In response, I tell August people aren’t educated enough and asked how this reflects on his connection to culture and society. “We all need constant education. The more we know the more we can defend ourselves with what’s going on, be a strong bond together. I don't want to make allusions. I feel like it’s all pretty fucked up. I’m doing this hoping that what I am doing has a positive influence on something. I’m also aware that I’m a tiny little [spec] compared to the rest of the world and it’s not me who can change anything. But it’s the only thing I have so I’m going to take a chance on it. For the rest, it’s too deep of a struggle.” Here, an artist is pulling us out of this mad world and hoping to be heard positively. The connectivity between artist and reciprocator feeds inspiration and serves as a catalyst to move forward collectively, not to create additional noise that withholds boundaries.

“Culture and society, are in general the most relevant things to make this place a better place. Having the honor to have the possibility to contribute to that is a responsibility. It’s a possibility that it’s not seen by many people.” August explains, “Commercial DJ’s performing in front of 50,000 people banging the shit out of their heads for example is potentially a powerful position to be in, it’s a chance to communicate to all those people. But most of them are just not aware.” He does not strive to be on such big stages but uses what he has on a personal level. “I just try to give something that I think has value. The research I did has a value not just for myself but for the audience as well, I think. I’m presenting a part of culture they might not be familiar with and I’m presenting them generally a person’s storytelling that can be inspiring, too. I just hope that I can inspire in someway. Whatever way it is, if I do so, I am very happy.”

A musician creating and presenting their own craft isn’t unusual. But the unbinding spell of obsession and perfection that is as torturous as it is succeeding is a struggle August faces. “I’m very self critical. Out of ten gigs I might say two were a cool show. I’m not trying to be dramatic, but if I’m not happy with it I have to say it. I hate the picture of the tortured artist, so there is some self-acceptance involved. What you're capable of doing, what you're not capable of doing. Once you get there, once you accept that, you feel much lighter, more relieved.”

August’s shows are with the support of his manager who’s been his companion over the last few years. “I owe her a lot in inspiration and valuing someone you can trust. I couldn’t find someone on just a business level, it’s not what I care for. We have an artistic connection.”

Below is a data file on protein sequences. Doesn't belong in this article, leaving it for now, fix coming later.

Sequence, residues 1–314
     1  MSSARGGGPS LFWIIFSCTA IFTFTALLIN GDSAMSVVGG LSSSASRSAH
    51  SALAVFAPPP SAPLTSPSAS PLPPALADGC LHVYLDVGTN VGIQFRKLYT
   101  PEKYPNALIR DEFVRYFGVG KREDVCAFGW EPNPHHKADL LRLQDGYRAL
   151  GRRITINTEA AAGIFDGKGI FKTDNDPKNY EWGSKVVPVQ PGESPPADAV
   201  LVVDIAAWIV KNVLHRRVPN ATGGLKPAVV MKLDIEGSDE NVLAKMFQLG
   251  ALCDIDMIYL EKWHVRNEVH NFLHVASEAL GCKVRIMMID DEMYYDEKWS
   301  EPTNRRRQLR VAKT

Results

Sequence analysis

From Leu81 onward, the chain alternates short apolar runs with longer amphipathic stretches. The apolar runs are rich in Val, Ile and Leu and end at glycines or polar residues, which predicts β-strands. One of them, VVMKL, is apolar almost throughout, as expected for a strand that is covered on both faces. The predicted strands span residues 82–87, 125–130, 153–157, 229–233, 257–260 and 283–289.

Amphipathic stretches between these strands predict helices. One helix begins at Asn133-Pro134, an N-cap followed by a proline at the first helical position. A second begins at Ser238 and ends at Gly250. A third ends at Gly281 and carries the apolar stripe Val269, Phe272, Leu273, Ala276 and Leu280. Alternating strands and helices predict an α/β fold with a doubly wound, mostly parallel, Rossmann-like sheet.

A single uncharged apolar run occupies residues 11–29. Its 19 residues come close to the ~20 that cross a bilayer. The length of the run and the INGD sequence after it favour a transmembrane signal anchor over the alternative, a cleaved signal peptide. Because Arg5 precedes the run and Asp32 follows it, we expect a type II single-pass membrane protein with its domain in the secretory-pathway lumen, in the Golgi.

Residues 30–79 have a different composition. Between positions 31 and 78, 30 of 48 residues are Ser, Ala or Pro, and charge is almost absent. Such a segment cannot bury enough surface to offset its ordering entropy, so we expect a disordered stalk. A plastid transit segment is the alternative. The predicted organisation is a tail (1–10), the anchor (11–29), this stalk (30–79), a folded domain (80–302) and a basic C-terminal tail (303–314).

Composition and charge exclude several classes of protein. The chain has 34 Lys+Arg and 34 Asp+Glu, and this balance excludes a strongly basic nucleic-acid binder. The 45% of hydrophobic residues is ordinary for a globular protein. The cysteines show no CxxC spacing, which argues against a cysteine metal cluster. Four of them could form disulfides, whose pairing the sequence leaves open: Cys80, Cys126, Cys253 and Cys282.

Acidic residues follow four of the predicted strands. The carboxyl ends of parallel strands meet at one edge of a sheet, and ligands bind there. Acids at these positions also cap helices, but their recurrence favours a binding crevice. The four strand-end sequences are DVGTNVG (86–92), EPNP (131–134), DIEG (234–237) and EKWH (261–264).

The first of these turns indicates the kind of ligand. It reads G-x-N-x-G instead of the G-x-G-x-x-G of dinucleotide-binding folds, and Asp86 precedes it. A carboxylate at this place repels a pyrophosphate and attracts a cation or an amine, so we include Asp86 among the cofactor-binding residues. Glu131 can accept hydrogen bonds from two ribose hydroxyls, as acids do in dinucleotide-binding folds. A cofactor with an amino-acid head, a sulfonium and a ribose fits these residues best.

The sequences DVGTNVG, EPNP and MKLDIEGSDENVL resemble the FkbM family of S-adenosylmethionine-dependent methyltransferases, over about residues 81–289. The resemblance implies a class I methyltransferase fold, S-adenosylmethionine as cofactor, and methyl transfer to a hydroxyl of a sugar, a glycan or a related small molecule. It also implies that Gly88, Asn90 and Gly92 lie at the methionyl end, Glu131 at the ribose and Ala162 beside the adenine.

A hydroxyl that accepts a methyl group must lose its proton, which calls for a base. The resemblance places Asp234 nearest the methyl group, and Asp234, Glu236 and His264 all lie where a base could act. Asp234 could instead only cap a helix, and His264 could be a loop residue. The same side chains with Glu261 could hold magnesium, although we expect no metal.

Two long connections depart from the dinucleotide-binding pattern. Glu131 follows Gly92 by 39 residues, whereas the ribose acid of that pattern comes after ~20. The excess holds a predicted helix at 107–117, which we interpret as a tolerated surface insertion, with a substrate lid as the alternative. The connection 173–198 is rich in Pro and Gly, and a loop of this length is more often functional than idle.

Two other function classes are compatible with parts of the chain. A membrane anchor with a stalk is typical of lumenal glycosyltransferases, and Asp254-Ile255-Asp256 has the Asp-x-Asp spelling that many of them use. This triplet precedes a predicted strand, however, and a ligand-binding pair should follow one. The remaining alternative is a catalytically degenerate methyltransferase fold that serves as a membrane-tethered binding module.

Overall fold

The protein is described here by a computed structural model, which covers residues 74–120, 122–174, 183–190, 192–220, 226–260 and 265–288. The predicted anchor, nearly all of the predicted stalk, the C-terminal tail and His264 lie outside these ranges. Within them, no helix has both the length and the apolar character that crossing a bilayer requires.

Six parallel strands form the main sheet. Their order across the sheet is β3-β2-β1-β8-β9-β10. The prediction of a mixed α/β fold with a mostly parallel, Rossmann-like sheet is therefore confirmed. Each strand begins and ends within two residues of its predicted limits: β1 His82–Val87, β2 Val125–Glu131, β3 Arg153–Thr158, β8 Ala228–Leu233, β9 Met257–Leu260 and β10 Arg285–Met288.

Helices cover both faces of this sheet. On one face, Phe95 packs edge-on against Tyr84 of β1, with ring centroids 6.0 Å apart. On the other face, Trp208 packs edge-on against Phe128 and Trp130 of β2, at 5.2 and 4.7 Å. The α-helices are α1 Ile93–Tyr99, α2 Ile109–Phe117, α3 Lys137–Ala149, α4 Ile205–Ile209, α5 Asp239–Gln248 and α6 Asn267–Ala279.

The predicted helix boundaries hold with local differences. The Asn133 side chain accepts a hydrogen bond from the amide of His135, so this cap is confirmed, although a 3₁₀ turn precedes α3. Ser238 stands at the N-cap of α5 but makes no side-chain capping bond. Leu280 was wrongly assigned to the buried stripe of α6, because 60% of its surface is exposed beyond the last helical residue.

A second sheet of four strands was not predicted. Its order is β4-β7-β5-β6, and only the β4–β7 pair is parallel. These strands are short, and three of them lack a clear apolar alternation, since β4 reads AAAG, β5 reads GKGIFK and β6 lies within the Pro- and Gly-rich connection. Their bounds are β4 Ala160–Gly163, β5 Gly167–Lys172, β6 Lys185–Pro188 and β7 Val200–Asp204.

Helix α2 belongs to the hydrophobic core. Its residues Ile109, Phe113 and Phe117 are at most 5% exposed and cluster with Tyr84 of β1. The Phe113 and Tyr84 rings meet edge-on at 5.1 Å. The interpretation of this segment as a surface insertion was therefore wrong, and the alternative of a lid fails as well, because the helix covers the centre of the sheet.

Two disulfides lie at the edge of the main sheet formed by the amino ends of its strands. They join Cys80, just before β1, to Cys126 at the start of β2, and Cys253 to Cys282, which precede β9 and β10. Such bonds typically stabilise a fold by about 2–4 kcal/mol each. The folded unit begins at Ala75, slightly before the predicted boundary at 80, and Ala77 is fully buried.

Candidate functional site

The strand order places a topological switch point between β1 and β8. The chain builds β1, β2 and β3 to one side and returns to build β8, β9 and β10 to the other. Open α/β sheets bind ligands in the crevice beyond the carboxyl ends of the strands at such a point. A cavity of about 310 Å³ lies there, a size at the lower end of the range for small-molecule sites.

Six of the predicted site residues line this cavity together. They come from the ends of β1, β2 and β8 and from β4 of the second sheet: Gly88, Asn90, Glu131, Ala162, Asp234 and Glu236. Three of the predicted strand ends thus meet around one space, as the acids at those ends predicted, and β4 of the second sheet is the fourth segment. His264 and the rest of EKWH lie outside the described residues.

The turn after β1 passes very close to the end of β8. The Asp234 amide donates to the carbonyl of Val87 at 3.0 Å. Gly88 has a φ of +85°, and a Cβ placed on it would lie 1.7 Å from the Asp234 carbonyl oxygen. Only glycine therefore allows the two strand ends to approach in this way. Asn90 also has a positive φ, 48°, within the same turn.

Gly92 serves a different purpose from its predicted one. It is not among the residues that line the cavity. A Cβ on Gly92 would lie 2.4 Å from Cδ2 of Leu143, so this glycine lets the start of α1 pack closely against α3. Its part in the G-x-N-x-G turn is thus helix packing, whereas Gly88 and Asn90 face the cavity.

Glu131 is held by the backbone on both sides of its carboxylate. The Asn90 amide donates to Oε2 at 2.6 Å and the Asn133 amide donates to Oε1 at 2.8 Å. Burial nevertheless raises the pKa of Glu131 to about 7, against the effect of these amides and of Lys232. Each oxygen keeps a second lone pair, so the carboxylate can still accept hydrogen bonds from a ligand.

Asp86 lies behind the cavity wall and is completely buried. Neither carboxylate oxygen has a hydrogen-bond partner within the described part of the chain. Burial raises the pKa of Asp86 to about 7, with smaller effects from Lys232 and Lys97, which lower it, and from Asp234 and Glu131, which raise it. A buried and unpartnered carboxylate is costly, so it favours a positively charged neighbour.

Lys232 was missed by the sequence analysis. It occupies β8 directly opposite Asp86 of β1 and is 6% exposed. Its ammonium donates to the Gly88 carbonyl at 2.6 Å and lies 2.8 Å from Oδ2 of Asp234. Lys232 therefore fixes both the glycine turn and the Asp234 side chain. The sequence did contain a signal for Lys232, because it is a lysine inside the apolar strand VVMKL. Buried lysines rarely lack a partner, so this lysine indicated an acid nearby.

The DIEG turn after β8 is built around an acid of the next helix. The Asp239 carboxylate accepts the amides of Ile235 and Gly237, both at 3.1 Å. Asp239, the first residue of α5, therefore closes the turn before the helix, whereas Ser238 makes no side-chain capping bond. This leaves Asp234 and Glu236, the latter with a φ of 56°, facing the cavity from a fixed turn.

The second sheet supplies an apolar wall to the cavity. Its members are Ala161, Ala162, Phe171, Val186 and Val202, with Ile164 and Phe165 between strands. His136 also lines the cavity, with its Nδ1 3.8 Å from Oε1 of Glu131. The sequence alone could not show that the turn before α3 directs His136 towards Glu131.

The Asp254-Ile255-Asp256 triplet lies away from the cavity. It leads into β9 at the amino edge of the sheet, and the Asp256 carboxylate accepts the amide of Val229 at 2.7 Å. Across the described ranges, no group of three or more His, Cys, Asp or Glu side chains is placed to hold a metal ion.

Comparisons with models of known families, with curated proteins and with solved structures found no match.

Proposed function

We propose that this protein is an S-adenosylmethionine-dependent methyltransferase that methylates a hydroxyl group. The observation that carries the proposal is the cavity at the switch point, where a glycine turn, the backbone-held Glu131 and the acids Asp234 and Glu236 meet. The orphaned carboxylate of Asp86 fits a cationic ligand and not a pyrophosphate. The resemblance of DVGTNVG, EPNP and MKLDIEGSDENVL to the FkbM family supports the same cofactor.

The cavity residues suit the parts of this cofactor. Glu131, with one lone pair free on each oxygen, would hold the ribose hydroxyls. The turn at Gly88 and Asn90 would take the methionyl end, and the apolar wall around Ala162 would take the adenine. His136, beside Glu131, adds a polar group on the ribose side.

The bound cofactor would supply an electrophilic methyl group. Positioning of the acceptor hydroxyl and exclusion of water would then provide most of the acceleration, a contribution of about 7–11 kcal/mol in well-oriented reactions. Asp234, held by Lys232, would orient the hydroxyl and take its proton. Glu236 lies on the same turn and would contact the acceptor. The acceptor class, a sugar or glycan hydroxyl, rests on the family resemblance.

Healthy and happy, August’s tour will go through Europe’s festival season, including Italy since the projects are related to there, and closing off the year in India. Thinking for his next revelation has already begun and it’s different from what he is currently presenting. “Right now I'd love to go into scoring. I’d love to do projects outside the industry....just see what other opportunities are there for me.”

While on the road, August continues to develop and create. “Being on a plane can be a creative cage, to make you think. Lately I was doing tracks so easily in the plane because I felt inspired by this limbo you're in. Looking out of the window, seeing the world from above, seeing the people around me sleeping, nobody can reach you, no phone. I’m forced to do something. It’s an interesting place for your creative output. Traveling and being in a different environment is inspiring. Everything that surrounds me inspires or effects me somehow. I’m in LA right now and the vibe of these streets the vibe of this does something to me as it does something to you, I’m sure.”

August makes calculated devotions with strides of commitment to each project - time and space of where he is plays an important approach in his work. The concept of present time, of which takes place during August’s performances, serves as a circular interactive space for the audience to absorb, reflect, and salute. Gaining motivation and continuing to build repertoire feeds the musician’s creation and fills our society with meaningful, valued art. From classical to electronic, August navigates a versatile spectrum of music which we witness to develop differently throughout the years. Only the future will tell and spectators will (not) dictate what’s to come for the 28-year-old German Wunderkid.